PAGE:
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The city of Milwaukee and the family of a black man with schizophrenia who was shot dead by a police officer have reached a tentative $2.3 million settlement agreement, three years after his death.

"Officer Christopher Manney never faced criminal charges, but was fired from the police department for failing to follow protocol," LaToya Dennis of member station WUWM tells our Newscast unit. She adds that the settlement still requires the approval of the Milwaukee Common Council.

Mexico's government is contesting a new international report that says the country had 23,000 homicides in 2016 — a level surpassed only by Syria. The International Institute for Strategic Studies says that intense violence fueled by Mexico's drug cartels has reached the level of an armed conflict.

"The annual survey's lead investigator says Mexico's second-place ranking was surprising, considering the deaths are nearly all attributable to small arms," NPR's Carrie Kahn reports, "and not tanks or aircraft fire as in the political wars of Syria or Iraq."

In a rare victory for environmentalists under President Trump, the Senate rejected efforts to roll back an Obama-era rule limiting methane emissions from energy production sites on federal land.

The vote over the greenhouse gas was close — 49-51 — with Republican Sens. John McCain, Lindsey Graham and Susan Collins coming down against the resolution, which would have repealed the Bureau of Land Management's Methane Waste and Prevention Rule.

A reporter in West Virginia was arrested and charged with a crime Tuesday after he repeatedly attempted to question Health and Human Services Secretary Tom Price.

Price was walking through a hallway in the state Capitol, which he was visiting with Trump adviser Kellyanne Conway as part of a "listening tour" on the opioid crisis. Several protesters were gathered in the hallway, as was Dan Heyman, a reporter for the Public News Service.

Years from now, a girl named Alia Joy will have a claim to fame to tell at summer camp: She was the first baby to be breast-fed on the floor of Australia's Parliament.

Her mother is Greens party co-deputy leader Larissa Waters, who was returning to Parliament after giving birth to her second child, according to The Sydney Morning Herald.

Updated at 1:45 p.m. ET

Betsy DeVos spoke through waves of boos and shouted protests during her commencement speech at Bethune-Cookman University on Wednesday, delivering a celebratory address with what seemed at times to be grim-faced resolve.

Six weeks after a bridge collapse shut down a crucial piece of the interstate system in Atlanta, Georgia officials say they'll be ready to reopen Interstate 85 by May 15 — more than five weeks ahead of schedule. The road normally carries nearly 250,000 vehicles a day.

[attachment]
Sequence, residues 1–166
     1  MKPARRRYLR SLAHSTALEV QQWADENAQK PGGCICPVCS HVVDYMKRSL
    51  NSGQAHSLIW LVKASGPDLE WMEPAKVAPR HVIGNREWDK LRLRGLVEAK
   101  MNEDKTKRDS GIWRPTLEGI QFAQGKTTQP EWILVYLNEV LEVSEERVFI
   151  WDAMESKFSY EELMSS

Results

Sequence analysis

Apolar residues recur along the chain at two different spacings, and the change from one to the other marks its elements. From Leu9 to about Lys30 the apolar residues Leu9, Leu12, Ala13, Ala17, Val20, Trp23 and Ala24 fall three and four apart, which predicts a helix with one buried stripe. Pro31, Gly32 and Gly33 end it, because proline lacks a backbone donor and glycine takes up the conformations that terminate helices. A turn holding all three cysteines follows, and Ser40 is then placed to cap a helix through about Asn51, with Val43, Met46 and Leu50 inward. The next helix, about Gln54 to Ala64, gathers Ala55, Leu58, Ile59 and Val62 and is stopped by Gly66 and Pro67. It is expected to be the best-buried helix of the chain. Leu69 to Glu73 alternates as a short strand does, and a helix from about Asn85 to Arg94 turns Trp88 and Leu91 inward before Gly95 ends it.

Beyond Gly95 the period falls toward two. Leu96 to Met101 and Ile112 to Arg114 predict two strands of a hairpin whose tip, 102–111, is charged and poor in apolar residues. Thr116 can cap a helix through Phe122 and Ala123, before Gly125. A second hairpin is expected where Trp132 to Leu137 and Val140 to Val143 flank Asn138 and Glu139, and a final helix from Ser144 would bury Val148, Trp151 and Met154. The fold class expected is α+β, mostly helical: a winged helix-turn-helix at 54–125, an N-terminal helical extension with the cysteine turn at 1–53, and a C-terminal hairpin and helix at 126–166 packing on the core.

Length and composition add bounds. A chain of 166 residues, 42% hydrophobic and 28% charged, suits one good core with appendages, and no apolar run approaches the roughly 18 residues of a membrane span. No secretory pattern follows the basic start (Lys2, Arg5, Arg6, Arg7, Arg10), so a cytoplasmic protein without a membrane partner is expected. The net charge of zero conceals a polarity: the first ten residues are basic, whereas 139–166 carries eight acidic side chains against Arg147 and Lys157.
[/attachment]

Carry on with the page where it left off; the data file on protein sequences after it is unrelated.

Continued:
Chelsea Manning, the former Army private who leaked a trove of classified documents to WikiLeaks, will be released from prison on May 17, according to the American Civil Liberties Union. Manning's 35-year prison sentence was commuted in January by then-President Barack Obama.

Most recently, Manning has been held in a prison in Fort Leavenworth, Kansas. After her release, her attorney says, she'll live in Maryland.

The Federal Communications Commission's public commenting system experienced delays Sunday night. That was the same night comedian John Oliver did a segment about net neutrality on his HBO show, Last Week Tonight and encouraged viewers to file comments on the FCC's website.

In an effort to retake ISIS' last major stronghold, President Trump has approved arming Kurdish forces in Syria despite opposition from Turkey.

The U.S. will supply the Kurdish elements of the American-backed Syrian Democratic Forces "as necessary," Pentagon spokeswoman Dana White said in a statement Tuesday.

The bones of a humanlike creature have puzzled scientists ever since they were found in a South African cave in 2013.

Homo naledi is primitive in some ways, with a small brain and other physical features reminiscent of our early ancestors. But it also walked upright, and had hands that may have been capable of making tools.

French police say they evacuated several makeshift settlements in Paris on Tuesday, evicting refugees and other migrants from the tents they'd been living in for months. The operation, which involved about 350 officers, unfolded without reports of violence or injury.

Cuba is not an easy place to buy things. Food is rationed, wages are low, and the black market is a way of life.

But now, Cubans can buy shirts with those little alligators on them at Lacoste. Or at L'Occitane en Provence, face cream for $162.40 an ounce. Or watches in the $10,000s.

Well, he did it — sort of.

In April, Carter Wilkerson set out on a mission to get free chicken nuggets for a year. What he may not have known was that his inquiry would become the most retweeted tweet of all time.

It was his fondness for nuggets that inspired Wilkerson to ask Wendy's how many retweets he needed to get free chicken nuggets for a year. Wendy's, playing along, set the bar high: 18 million.